Johns Hopkins Dermatology
I will attempt to clarify what we know about the antibody response in various forms of pemphigus and how the distribution of the targeted antigens affects the location of lesions. The synthesis of this work has been proposed by Dr. John Stanley, with key published advances from Dr. Masa Amagai and Mai Mahoney, Ph.D., P. Koch and others. John Stanley refers to his concept as the “desmoglein compensation hypothesis”. The key to this hypothesis is the desmogleins (pemphigus antigens) are key adhesion molecules that keep cells attached to each other. In some areas of the body, there are two desmogleins present, and both have to be damaged to cause cell detachment – in some areas only one desmoglein may be present at some level in the skin or mucous membrane, and there only one desmoglein has to be damaged to cause cell detachment.
The following summary is extracted from a recent editorial from the Journal of the American Academy of Dermatology (1). Form of pemphigus Antigens targeted by autoantibodies Pemphigus foliaceus Desmoglein 1 Pemphigus vulgaris (only oral lesions) Desmoglein 3 Pemphigus vulgaris (oral and skin lesions) Desmoglein 3 and Desmoglein 1 Paraneoplastic pemphigus Desmoglein 3, Desmoglein 1 and Plakin proteins.
|Form of pemphigus||Antigens targeted by autoantibodies|
|Pemphigus foliaceus||Desmoglein 1|
(only oral lesions)
(oral and skin lesions)
|Desmoglein 3 and Desmoglein 1|
|Paraneoplastic pemphigus||Desmoglein 3, Desmoglein 1 and Plakin proteins|
The simplest situation is pemphigus foliaceus, where blistering occurs in the most superficial layer of the epidermis. These patients have antibodies that are directed against desmoglein 1. This desmoglein is expressed mostly in the upper levels of the epidermis, and antibodies binding to it cause cell detachment (blistering) only where it is primarily expressed. Desmoglein 1 is present in oral epithelium, but oral lesions “never” occur because there is co-expression of desmoglein 3 in the superficial oral epithelium, and the desmoglein 3 is able to keep the cells from detaching, even if desmoglein 1 is knocked out by the antibody (2 ). Also, in skin, desmoglein 3 is expressed in lower levels of the epidermis, so that knocking out desmoglein 1 doesn’t cause blistering there, just in the upper levels of the skin where desmoglein 1 is the only key adhesion molecule present. In pemphigus vulgaris, antibodies impair the adhesive function of desmoglein 3 and cause acantholysis in the oral cavity, where this molecule seems to be of primary importance in maintaining cell attachment. The hypothesis that desmoglein 3 has such unique contributions to adhesion primarily in oral epithelium was is supported by new data. Recently, a “knockout” mouse was produced, where desmoglein 3 was eliminated by genetic manipulation (3). These mice lacked desmoglein 3 expression in skin and mucous membranes, but acantholysis occurred only in the mouth, and in a limited fashion in areas of trauma such as the snout and paws. The skin was not affected.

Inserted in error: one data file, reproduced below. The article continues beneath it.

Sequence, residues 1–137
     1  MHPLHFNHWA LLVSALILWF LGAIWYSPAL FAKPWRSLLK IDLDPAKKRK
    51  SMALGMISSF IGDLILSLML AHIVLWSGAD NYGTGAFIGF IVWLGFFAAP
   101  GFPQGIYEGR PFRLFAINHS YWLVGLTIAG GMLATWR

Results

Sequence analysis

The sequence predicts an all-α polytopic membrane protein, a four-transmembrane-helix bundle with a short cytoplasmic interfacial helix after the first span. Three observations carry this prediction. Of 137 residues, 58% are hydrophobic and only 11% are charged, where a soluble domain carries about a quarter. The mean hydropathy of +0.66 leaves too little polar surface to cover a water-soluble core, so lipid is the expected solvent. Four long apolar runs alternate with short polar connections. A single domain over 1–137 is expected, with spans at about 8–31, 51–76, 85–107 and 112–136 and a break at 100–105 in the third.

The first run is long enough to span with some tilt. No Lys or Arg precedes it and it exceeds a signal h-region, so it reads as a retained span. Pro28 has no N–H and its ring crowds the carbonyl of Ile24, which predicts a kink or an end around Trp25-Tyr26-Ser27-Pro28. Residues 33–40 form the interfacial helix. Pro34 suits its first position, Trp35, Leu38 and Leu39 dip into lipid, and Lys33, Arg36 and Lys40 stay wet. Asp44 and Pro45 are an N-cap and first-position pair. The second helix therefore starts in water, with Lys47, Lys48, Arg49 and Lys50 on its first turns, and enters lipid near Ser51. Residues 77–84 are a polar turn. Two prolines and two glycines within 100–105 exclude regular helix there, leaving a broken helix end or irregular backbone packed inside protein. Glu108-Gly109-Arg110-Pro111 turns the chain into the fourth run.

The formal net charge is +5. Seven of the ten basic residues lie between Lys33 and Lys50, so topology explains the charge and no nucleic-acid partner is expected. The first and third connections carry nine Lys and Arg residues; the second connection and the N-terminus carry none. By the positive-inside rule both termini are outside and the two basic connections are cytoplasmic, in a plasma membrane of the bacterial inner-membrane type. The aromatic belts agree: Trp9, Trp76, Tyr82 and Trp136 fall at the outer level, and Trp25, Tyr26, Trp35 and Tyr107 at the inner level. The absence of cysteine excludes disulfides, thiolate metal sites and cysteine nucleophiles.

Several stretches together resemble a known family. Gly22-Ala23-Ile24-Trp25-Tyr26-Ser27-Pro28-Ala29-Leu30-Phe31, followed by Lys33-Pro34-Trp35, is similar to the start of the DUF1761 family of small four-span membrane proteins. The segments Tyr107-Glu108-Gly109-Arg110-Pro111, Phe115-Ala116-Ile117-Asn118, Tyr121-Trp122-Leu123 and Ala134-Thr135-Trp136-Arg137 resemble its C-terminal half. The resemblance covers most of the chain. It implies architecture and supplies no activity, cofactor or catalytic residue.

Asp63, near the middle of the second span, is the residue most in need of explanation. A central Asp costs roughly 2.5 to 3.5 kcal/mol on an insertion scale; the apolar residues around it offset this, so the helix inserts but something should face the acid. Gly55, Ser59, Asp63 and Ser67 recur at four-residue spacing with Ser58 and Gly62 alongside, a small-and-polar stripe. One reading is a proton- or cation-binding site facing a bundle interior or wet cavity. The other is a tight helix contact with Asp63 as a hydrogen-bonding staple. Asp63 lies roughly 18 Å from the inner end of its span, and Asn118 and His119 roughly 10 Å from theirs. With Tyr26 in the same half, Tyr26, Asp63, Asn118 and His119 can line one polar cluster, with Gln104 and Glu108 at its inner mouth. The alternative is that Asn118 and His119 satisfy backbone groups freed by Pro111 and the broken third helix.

As pemphigus vulgaris progresses, many, but not all patients will develop cutaneous disease. This seems to be caused by a “spread” of the autoantibody response, and development of antibodies against both desmoglein 3 and desmoglein 1. If both these desmogleins are inhibited by autoantibody, not just oral, but also cutaneous blistering occurs (4, 5). This may represent an example of what has been called “epitope spreading” (6). This is a phenomenon seen in autoimmunity, where early in the disease course, patients make antibodies against one protein, but as the disease evolves, they then make additional antibodies against molecules that are similar in structure, or even unlike each other in structure, but are physically closely associated in a tissue.
Patients with pemphigus foliaceus generally do not develop epitope spreading. If they did, they would start to make antibodies against desmoglein 3 (as well as 1) and would then have pemphigus vulgaris. This has been observed, but is actually a very rare event. Also, one can not have both pemphigus vulgaris and foliaceus, because pemphigus foliaceus is defined by the absence of antibodies against desmoglein 3.
1. Anhalt GJ. Making sense of antigens and antibodies in pemphigus (Editorial). J Amer Acad Dermatol, 40;763-766,1999.
2. Shirakata Y, Amagai M, Hanakawa Y, et al. Lack of mucosal involvement in pemphigus foliaceus may be due to low expression of desmoglein 1.J Invest Dermatol 1998;110:76-78,
3. Koch PJ, Mahoney MG, Ishikawa H, et al. Targeted disruption of the pemphigus vulgaris antigen (desmoglein 3) gene in mice causes loss of keratinocyte cell adhesion with a phenotype similar to pemphigus vulgaris. J Cell Biol 1997:137;1091-1102.
4. Amagai M, Koch PJ, Nishikawa T, et al. Pemphigus vulgaris antigen is localized in the lower epidermis, the site of blister formation in patients. J Invest Dermatol 1996; 106:351-355.
5. Ding X, Aoki V, Mascaro JM, et al. Mucosal and mucocutaneous (generalized) pemphigus vulgaris show distinct autoantibody profiles. J Invest Dermatol 1997;109:592-596. 6. Craft J, Fatenejad S. Self antigens and epitope spreading in systemic autoimmunity. Arthritis Rheumatism 1997:40;1374-1382.